This weekly afternoon CFUW group has been on my radar for years, and now that I have Wednesdays to spare, I can join them regularly. Bonus points that I know so many of the other walkers!

Tuesday, 20 September 2011

#66: Important Stuff

I confess that squeezing in time to drive over to Cambridge today to keep a lunch date with  former volunteers Sondra and Jean was a challenge.  What with driving back and forth plus our visit, I was later than  intended for my afternoon volunteer commitment back at the retirement home in Guelph.  But it was OK.   I stayed later and got everything done.

I'm glad I can be flexible enough to fit in the important things like catching up with these lovely women and sharing a laugh.  It was worth the drive to hear Sondra 's comment about Qi Gong: " that sounds like something you would smoke".

Monday, 19 September 2011

#65: Soundtrack

For years I have declared that retirement homes need better Musak if they want to lure me as a resident.  No Five Foot Two, Good Night Irene or Toot Toot Tootsie for me.  A Beatles soundtrack would be acceptable, however.

The Village of Riverside Glen must have seen the memo because strains of very orchestrated Yesterday greeted me as I arrived for my volunteer shift today.  I hate to think what this implies.

Regardless, I have no intention of moving anywhere for years and years.   I'll just appreciate inoffensive, familiar  background music as I cull their library collection.


Sunday, 18 September 2011

#64: Usher Failure

Work-free Sundays mean that I can help out at church, so today I was available to "usher" and pass the collection plate.  Too bad that I somehow skipped an entire row.

But it was church, right?  So I'm sure I was forgiven. 


Saturday, 17 September 2011

#63: Busted

Scene/seen in our backyard:  3 chipmunks and numerous birds happily frolicking and scrounging under the broken "Squirrel Buster" bird feeder.  The special weight-sensitive perch is lying in pieces in a new hole that has appeared in the flower bed under the feeder.  The hole is full of seeds.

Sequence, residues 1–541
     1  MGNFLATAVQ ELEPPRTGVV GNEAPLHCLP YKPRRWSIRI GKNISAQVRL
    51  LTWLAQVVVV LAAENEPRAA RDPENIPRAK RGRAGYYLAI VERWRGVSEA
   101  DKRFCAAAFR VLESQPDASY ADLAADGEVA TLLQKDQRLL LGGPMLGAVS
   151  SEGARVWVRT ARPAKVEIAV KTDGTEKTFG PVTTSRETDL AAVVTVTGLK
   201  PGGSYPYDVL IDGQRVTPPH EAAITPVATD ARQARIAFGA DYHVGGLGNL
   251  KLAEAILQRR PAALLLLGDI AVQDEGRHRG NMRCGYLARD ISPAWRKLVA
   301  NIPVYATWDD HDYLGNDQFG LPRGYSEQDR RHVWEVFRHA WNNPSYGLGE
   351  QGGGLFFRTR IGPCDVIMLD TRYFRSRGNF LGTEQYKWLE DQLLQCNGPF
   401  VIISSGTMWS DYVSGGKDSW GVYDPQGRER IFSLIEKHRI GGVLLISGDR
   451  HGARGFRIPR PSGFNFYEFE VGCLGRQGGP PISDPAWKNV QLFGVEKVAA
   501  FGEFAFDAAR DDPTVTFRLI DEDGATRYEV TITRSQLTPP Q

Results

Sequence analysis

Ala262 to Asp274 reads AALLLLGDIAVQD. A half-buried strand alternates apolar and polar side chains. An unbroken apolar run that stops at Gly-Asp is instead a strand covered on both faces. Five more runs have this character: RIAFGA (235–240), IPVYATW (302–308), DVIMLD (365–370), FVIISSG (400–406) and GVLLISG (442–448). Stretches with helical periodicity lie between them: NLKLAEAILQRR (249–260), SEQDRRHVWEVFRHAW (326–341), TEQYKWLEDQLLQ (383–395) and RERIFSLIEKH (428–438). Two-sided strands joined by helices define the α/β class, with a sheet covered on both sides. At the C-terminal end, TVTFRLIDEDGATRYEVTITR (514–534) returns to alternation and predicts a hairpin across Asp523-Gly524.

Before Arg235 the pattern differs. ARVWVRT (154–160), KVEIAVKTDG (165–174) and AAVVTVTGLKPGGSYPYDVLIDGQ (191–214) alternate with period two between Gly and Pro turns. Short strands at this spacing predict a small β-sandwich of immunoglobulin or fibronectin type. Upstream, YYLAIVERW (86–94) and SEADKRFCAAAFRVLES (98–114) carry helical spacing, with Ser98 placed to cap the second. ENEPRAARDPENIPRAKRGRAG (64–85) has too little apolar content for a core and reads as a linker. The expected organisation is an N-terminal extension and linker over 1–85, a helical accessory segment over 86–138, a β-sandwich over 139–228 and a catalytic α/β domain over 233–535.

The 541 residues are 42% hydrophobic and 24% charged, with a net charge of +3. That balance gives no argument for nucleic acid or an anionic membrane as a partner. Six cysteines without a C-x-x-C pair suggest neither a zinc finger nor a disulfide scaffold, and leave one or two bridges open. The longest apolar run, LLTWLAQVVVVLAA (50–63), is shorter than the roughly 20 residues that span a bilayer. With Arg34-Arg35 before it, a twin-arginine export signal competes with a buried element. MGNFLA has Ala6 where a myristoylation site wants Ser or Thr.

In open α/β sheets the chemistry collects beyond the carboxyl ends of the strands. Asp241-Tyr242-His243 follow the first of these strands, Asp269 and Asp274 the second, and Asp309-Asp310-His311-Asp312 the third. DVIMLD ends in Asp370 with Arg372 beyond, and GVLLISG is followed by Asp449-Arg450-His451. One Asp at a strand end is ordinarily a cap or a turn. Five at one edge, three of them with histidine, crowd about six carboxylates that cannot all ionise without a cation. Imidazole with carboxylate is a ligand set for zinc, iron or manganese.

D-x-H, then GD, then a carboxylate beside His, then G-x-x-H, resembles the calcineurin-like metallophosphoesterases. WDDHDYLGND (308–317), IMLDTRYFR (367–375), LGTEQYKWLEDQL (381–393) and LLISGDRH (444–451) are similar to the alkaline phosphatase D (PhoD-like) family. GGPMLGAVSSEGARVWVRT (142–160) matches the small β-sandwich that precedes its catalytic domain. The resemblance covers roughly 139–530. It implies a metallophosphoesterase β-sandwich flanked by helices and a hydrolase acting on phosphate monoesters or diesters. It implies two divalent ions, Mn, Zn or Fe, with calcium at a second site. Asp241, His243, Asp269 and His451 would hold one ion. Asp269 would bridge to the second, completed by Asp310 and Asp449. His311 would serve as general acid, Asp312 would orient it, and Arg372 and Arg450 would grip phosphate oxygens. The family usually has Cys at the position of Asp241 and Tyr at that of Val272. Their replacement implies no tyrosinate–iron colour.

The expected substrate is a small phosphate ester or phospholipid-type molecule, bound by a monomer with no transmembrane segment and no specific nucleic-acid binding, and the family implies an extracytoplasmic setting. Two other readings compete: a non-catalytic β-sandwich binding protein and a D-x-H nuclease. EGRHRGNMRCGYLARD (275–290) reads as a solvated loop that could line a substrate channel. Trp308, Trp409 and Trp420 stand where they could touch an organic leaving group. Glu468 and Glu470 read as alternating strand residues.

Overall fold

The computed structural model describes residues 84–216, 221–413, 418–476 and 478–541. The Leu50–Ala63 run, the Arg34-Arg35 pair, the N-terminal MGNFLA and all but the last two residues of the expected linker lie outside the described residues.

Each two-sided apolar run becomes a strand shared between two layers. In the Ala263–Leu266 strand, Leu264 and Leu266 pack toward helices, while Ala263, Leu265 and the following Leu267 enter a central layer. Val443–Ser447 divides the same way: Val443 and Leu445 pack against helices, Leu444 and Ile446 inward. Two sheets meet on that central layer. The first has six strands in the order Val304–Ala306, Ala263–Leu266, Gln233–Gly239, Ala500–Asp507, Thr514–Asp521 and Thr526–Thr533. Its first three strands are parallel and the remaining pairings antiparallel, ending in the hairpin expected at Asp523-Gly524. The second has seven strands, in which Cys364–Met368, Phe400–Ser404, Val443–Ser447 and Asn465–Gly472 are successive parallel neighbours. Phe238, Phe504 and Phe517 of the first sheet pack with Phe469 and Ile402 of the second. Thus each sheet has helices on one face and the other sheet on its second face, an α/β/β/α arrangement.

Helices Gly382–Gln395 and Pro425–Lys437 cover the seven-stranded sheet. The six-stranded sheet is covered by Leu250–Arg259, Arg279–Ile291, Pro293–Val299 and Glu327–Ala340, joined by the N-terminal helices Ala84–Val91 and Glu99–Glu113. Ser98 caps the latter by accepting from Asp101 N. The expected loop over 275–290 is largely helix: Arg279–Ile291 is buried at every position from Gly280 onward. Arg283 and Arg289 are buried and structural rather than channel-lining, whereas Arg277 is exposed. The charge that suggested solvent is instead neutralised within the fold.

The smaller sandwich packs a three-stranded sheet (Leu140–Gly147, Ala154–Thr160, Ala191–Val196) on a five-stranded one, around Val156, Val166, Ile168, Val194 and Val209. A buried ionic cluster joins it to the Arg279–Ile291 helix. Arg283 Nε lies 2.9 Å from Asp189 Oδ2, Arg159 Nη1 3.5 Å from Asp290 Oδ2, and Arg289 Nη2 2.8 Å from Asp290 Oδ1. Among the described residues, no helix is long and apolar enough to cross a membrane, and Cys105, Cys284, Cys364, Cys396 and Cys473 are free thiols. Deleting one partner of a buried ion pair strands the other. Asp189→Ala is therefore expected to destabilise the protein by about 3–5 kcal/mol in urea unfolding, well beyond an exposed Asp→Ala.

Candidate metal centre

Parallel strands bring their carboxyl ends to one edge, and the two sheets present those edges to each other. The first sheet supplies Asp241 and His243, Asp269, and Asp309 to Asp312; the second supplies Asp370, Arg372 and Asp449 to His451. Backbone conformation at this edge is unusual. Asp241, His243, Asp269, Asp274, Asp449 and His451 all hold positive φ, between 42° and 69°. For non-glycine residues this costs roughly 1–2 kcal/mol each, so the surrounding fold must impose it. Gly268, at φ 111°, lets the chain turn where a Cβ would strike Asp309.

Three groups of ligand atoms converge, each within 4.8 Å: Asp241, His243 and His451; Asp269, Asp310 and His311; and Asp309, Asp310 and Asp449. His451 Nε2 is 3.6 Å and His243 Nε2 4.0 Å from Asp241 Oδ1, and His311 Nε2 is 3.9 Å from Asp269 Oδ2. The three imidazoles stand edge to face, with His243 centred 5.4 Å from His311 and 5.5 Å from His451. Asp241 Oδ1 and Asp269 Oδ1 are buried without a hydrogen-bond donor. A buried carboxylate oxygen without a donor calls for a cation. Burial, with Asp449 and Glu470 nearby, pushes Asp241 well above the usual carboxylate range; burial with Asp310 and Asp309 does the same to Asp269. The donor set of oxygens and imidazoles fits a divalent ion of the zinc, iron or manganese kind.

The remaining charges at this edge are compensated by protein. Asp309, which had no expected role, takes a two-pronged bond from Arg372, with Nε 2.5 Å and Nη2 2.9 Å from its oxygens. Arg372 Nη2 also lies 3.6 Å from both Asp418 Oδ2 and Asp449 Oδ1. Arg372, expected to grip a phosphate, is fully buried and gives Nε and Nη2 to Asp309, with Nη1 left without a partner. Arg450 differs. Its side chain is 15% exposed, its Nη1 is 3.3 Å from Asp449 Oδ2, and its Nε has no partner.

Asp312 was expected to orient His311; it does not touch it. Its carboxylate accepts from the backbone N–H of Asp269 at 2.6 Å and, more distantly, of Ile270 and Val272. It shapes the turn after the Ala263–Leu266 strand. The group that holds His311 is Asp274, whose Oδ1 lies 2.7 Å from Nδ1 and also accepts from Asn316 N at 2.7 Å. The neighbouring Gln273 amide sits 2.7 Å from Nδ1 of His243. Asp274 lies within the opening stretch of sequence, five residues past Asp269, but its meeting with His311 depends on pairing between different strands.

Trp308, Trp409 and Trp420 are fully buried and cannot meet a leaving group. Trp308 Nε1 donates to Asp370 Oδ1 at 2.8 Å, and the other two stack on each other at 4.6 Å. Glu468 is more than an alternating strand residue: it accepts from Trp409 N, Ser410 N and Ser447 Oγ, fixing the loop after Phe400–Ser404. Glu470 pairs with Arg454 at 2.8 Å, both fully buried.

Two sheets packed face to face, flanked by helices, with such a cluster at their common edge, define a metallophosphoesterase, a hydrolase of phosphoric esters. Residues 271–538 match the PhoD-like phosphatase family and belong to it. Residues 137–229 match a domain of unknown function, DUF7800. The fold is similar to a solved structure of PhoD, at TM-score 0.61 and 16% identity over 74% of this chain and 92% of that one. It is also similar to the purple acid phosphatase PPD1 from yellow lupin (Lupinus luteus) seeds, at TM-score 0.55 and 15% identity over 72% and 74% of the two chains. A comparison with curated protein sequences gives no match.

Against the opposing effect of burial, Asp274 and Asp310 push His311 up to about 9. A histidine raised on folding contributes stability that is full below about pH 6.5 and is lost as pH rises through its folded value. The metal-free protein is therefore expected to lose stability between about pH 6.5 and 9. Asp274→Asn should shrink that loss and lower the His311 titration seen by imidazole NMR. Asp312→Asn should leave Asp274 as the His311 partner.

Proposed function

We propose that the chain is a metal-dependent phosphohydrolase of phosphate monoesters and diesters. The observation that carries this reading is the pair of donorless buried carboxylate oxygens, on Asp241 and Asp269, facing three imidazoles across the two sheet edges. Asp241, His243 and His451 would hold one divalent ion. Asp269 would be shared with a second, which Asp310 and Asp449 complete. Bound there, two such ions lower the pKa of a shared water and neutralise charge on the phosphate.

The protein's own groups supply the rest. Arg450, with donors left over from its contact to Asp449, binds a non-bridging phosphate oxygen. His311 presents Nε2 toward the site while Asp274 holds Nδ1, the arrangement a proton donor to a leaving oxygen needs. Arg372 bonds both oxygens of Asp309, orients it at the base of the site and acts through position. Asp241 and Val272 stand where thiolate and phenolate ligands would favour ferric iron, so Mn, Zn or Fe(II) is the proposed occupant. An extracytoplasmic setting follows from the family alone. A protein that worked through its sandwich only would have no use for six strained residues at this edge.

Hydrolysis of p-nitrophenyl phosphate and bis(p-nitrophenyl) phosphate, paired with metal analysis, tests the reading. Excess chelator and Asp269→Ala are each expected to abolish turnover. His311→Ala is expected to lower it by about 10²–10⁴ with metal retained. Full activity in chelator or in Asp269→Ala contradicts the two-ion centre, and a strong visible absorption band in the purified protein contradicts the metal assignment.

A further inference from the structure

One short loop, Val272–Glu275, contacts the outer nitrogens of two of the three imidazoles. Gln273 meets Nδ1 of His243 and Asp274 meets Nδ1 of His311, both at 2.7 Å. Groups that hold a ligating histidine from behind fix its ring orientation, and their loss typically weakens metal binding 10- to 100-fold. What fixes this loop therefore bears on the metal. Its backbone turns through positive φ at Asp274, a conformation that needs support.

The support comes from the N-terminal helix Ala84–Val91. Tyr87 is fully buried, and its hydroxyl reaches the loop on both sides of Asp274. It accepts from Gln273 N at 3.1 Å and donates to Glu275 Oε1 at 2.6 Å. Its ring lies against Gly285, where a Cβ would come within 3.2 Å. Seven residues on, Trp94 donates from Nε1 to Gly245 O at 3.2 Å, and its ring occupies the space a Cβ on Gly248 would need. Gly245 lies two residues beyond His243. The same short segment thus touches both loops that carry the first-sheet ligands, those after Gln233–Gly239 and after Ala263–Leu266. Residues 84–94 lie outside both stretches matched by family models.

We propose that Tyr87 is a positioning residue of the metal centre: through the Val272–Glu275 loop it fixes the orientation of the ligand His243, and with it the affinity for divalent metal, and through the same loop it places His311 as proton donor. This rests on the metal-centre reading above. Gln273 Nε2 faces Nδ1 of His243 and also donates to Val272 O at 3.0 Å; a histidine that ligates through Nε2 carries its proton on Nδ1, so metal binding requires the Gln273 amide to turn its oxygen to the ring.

How did this happen? How did it happen twice?  And what does this tableau have to do with retirement?

A working woman would retire the bird feeder!  The retired librarian patiently re-assembles the feeder, fills the hole, rakes the flower bed......and plans a stake-out. 

Friday, 16 September 2011

#62: Balance

You know that concept of Work-Life balance?  I have just figured out that it no longer applies to me.

Take today:  a meeting about library service at the retirement home, a walk in the country, a bit of gardening and then wine group (where we attend, not where we host).

 No Work, all Life.  But not a bad balance.

Thursday, 15 September 2011

#61: Compromised?

Am I failing to embrace my retirement by agreeing to pick up the occasional shift at my former place of employment?

Maybe. Just a tiny bit. But not enough to matter.

I prefer to think I am taking advantage of an opportunity. 

Wednesday, 14 September 2011

#60: Housework

One would think that having more time to do housework, I might actually do more.  But it doesn't work that way.

For some reason I am doing less.  It could be that I am busier now with activities I enjoy;  I don't think about the other stuff  because I can always clean the bathrooms/do the laundry/vacuum the stairs "tomorrow".

When tomorrow never comes, I feel a bit guilty.  Then I remember Dorothy (my esteemed mother-in-law) telling me that she wasted half her life with housekeeping.  And I go outside and fill the bird feeder.   

Tuesday, 13 September 2011

#59: The Fix

Even when my day seems to be going nowhere, a couple of hours of "yardening" seems to set things right. 

Too bad everyone can't take a mid-day break to go dig up a rose, replant it and imagine how much happier it will be in its new location. 

Monday, 12 September 2011

#58: Trifecta